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“Potatogate” Deal is Dead: Now it is Time to Fix the Real Problem

3 Nov 2010

“Potatogate”, the shady Alberta government deal to sell off 16,000 acres of public land – scarce native grassland and endangered species habitat – has finally been shelved, following an unprecedented public outcry. But while this particular piece of land has received a temporary reprieve, the system which allows for secretive backroom deals to sell off public land, and with no public input, is still very much in place.

Now Alberta Wilderness Association (AWA) is calling on the provincial government to listen to the overwhelming demands of Albertans and bring in a new and open system to oversee any future sales of public land.

“It is great news that this irreplaceable piece of native grassland isn’t going to be sold just yet,” said Nigel Douglas, AWA conservation specialist. “But we aren’t under any illusions: the shameful system that encourages these sorts of deals to go on behind closed doors hasn’t changed. The secrecy problem that so many Albertans have spoken out about is still there.”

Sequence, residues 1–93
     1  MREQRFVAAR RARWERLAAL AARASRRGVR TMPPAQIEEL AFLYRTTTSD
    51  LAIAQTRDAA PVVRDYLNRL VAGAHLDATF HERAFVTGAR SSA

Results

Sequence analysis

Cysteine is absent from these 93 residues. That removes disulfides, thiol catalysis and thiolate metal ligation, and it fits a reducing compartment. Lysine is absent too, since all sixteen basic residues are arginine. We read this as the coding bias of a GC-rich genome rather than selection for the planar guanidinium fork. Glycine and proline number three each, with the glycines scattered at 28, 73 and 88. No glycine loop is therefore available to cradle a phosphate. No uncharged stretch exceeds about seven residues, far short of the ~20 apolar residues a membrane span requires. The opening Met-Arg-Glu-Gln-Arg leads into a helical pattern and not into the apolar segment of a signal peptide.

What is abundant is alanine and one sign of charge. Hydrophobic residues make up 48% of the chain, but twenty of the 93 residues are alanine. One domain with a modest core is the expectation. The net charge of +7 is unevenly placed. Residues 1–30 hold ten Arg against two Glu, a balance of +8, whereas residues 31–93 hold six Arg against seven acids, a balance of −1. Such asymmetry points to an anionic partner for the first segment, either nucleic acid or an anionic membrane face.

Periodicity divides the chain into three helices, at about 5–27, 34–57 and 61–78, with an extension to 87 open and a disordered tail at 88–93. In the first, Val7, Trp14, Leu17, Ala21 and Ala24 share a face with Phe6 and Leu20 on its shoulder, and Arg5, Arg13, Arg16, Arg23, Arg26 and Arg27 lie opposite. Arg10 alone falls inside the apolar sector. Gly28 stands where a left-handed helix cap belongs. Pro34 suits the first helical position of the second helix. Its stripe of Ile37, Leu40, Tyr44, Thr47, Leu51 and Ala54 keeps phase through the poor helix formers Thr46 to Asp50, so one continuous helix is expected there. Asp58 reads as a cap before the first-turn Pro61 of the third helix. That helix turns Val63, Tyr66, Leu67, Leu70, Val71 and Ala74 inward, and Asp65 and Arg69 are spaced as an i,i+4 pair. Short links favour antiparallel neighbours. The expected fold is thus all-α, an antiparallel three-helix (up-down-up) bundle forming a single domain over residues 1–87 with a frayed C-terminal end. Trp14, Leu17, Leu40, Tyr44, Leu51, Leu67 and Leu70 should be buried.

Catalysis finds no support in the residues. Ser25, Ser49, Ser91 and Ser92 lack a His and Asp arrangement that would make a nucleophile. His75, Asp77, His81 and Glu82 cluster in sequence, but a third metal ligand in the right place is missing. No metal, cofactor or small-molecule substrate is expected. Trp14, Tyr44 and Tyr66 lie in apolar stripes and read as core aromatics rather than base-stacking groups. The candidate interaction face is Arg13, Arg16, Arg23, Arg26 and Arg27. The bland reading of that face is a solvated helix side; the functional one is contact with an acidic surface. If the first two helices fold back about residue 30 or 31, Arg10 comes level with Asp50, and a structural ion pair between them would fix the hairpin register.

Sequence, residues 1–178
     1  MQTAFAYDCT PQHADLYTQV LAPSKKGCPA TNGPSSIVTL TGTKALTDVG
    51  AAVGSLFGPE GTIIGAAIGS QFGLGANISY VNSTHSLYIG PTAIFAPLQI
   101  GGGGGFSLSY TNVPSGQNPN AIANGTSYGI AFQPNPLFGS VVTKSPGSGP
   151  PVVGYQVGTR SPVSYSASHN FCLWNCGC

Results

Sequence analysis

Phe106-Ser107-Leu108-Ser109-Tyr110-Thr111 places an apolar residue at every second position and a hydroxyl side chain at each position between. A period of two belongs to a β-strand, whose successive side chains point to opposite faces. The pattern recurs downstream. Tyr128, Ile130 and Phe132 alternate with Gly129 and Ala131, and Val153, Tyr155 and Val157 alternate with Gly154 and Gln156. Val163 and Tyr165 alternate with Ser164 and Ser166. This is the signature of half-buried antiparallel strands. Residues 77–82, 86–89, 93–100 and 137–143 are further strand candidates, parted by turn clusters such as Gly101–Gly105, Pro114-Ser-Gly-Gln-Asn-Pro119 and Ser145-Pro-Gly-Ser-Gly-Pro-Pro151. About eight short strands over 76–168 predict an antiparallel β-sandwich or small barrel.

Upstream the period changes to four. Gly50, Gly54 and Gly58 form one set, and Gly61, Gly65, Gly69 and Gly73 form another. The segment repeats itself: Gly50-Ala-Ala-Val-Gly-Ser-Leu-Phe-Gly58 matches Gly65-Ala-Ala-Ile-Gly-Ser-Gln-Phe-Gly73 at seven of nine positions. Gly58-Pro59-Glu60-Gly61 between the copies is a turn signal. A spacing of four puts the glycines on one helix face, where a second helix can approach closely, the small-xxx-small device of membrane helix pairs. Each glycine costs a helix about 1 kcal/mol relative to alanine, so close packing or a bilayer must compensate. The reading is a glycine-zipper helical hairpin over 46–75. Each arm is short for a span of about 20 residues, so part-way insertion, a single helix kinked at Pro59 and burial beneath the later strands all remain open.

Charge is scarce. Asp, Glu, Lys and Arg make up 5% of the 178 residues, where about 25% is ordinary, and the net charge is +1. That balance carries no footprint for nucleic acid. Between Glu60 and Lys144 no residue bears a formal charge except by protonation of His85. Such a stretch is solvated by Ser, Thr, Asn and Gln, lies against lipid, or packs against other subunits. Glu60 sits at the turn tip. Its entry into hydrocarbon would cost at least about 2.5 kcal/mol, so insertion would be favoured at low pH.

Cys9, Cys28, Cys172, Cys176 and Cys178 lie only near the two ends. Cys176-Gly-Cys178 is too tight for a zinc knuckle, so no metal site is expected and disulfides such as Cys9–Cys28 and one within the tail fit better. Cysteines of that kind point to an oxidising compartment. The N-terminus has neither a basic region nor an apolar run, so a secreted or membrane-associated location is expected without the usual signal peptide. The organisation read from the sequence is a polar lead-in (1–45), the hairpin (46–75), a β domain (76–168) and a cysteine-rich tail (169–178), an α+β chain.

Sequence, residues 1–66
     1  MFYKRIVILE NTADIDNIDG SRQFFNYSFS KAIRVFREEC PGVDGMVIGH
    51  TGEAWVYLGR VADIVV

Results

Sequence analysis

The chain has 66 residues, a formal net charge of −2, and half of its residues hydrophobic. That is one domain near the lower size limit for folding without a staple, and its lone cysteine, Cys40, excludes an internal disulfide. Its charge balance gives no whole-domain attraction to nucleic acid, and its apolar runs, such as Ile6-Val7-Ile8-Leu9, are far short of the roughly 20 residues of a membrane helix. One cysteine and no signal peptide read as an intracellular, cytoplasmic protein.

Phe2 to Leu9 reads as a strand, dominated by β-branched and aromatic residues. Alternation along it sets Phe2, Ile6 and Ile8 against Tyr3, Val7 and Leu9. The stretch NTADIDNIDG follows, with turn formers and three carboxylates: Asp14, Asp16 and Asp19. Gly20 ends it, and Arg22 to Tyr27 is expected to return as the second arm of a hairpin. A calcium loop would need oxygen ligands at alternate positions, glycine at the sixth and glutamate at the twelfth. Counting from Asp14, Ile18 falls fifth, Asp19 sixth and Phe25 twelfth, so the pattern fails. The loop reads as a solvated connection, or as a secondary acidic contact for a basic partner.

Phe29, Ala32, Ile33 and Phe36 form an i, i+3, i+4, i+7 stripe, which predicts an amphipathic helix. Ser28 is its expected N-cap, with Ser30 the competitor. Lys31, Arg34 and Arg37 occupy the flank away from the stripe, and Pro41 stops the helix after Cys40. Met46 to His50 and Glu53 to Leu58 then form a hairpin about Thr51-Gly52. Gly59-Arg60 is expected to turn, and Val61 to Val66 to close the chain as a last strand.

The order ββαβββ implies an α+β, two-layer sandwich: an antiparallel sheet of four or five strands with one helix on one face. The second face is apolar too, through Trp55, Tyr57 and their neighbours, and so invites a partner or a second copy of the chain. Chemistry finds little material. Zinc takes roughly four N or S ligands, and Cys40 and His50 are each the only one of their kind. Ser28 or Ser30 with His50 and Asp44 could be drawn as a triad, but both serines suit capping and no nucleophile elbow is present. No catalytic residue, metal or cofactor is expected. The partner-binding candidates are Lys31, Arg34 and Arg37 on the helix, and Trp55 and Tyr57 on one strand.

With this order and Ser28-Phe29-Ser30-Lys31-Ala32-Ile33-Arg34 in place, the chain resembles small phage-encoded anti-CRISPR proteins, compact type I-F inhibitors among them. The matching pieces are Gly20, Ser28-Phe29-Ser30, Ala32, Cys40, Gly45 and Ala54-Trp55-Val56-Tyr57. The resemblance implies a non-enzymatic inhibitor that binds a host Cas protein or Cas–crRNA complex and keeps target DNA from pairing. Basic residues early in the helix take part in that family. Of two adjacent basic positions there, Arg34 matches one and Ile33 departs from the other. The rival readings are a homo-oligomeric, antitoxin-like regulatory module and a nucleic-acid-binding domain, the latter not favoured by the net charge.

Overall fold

Details of the proposal to sell off 16,000 acres (or 25 sections) of native grassland near Bow Island were first leaked out in early September. Despite the fact that only 30% of Alberta’s native grassland remains (and less than 1% of the Grassland region is protected), and that the area was known to be habitat for a number of endangered species (including burrowing owl, ferruginous hawk, Sprague’s pipit, long-billed curlew, short-horned lizard and prairie rattlesnake), the land was proposed to be sold off, to be ploughed up to grow potatoes.

As the facts of the proposed deal became known, the level of popular outcry increased. “People were staggered to find out that such a huge and important piece of land could be sold off on a political whim, and with no public input,” says Douglas. “What was our government doing selling off our public land in the first place?”

Now that the immediate threat to the land has been removed, the root of the problem remains. Proposed changes to the regulations for the Public Land Act are already in the pipeline, but still do not address the fact that a minister can decide to sell off public land, with no requirement to consult or even to inform the public. “Our priceless public lands deserve so much better than this,” says Douglas.

For further information contact:

Nigel Douglas, AWA Conservation Specialist: (403) 283-2025

Posted November 3, 2010 by AEN

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